February 4, 2012 / Safety

Not-So-Super Sunday: The Internet and Child Sex Trafficking

by

The opinions expressed herein are those of the author, and not necessarily those of The New Agenda.

January was National Slavery and Trafficking Prevention Month, and it was in January that the governor of Indiana, Mitch Daniels, asked legislators to pass a bill to toughen state sex trafficking laws in time for Super Bowl weekend. The Chicago Tribune reports that “The Indiana House voted 93-0 in favor of the bill Friday that cleared the state Senate in a 48-0 vote earlier this month.”  The bill will make it easier to prosecute those who are trafficking girls under the age of sixteen for sex, broadens the law for older victims, and “makes recruiting, transporting or harboring anyone younger than 16 for prostitution a felony punishable by 20 years to 50 years in prison.”

Authorities in Dallas, Texas were also aware of a possible influx of prostitution during the Super Bowl last year, warning that police would be vigilant about cracking down on traffickers selling children for sex.  In response, a writer for Dallas Observer News wrote a lengthy article on the “fallacy” of the sex trade during the Super Bowl. He wrote that fans have already paid through the nose for tickets, airfare, and hotels, leaving them little to no money for prostitutes. He cited a study conducted for the Dallas Women’s Foundation as the sole resource for the “hype” over sex workers at the Super Bowl. The author questioned its validity because the researchers asked one hundred adults it to look at the girls’ pictures and estimate their ages to determine how many girls are being sexually exploited on websites and in internet classified ads.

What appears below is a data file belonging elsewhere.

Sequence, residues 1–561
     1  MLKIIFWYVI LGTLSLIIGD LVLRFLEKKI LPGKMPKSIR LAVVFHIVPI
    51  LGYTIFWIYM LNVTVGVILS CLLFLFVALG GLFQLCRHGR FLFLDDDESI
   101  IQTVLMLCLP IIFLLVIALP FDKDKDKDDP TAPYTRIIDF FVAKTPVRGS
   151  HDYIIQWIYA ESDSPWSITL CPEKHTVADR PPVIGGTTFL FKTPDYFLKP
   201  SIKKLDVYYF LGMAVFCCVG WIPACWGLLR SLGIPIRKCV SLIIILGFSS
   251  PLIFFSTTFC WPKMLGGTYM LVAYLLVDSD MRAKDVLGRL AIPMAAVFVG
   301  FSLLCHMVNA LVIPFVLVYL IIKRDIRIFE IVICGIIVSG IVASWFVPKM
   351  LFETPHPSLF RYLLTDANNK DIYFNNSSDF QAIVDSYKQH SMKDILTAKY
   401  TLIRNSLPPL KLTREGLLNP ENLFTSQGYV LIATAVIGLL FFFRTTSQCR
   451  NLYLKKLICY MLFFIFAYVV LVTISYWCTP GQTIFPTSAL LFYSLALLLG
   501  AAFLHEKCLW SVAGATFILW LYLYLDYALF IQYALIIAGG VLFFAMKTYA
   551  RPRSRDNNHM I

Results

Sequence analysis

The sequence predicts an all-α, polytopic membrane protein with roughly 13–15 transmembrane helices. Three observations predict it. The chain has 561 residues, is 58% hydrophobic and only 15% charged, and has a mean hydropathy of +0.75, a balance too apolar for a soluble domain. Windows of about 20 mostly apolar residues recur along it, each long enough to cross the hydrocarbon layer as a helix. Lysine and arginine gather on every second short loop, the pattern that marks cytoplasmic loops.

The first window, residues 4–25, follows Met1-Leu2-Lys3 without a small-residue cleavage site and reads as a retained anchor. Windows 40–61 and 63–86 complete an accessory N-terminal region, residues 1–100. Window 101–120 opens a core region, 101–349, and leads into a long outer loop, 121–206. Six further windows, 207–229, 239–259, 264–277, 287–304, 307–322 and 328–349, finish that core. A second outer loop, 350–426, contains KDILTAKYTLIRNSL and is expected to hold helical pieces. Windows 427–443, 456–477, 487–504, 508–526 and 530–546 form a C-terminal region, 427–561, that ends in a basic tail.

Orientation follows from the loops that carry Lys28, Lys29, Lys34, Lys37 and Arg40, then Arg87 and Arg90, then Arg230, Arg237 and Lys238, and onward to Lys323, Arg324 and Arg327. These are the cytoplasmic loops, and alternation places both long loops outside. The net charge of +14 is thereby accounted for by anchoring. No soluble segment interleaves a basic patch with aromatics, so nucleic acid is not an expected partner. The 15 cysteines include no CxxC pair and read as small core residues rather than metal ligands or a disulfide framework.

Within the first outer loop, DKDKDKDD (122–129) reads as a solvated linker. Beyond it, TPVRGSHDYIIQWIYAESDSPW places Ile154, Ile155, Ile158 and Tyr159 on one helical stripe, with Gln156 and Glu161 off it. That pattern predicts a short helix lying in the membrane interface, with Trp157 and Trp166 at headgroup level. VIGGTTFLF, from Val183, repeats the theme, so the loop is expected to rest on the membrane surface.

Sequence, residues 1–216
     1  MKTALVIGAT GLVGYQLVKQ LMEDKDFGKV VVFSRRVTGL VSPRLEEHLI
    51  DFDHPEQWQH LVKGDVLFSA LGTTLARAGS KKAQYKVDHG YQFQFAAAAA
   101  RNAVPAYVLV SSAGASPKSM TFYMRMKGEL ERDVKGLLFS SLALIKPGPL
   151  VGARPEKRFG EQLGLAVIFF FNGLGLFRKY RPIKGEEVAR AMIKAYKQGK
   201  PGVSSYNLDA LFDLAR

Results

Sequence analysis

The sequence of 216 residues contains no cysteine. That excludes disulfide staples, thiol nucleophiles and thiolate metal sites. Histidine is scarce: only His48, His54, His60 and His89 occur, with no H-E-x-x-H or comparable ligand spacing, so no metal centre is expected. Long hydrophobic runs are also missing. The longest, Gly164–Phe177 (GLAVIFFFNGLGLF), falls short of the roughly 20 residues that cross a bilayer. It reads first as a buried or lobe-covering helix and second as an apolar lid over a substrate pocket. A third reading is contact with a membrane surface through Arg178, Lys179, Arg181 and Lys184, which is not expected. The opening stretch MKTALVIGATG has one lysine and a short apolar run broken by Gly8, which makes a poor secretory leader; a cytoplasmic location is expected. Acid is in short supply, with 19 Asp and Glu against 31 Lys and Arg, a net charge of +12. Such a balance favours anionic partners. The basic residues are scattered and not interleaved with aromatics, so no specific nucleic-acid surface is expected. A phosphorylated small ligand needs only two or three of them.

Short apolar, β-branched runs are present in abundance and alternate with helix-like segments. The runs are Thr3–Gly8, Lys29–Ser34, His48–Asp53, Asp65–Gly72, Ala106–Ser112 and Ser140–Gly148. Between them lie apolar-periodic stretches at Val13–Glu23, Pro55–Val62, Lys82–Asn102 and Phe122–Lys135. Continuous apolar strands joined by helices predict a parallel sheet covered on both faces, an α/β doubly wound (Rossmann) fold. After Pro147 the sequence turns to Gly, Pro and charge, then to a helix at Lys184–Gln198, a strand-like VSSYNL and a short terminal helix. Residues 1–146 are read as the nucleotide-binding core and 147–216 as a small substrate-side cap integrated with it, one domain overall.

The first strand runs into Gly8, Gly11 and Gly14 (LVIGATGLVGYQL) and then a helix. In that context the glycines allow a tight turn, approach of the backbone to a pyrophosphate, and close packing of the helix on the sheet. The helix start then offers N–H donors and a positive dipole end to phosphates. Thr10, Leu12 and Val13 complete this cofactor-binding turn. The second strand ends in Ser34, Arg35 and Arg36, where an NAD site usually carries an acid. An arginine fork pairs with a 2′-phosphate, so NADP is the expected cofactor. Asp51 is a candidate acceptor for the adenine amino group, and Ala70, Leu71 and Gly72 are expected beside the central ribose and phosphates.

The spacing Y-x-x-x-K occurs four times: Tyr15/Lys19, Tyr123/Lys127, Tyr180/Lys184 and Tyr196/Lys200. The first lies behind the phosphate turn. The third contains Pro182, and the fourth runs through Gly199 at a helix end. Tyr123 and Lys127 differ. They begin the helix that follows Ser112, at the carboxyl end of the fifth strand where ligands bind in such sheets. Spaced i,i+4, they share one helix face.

Near the end of the two-page article in the Dallas Observer, the reader finds the following: “Disclosure: The Dallas Observer and Backpage.com are owned by the same parent company,Village Voice Media Holdings.”  Jim Larkin, one of the men who controls Village Voice Media, views this as an issue of free-speech. The New York Times interviewed him and wrote,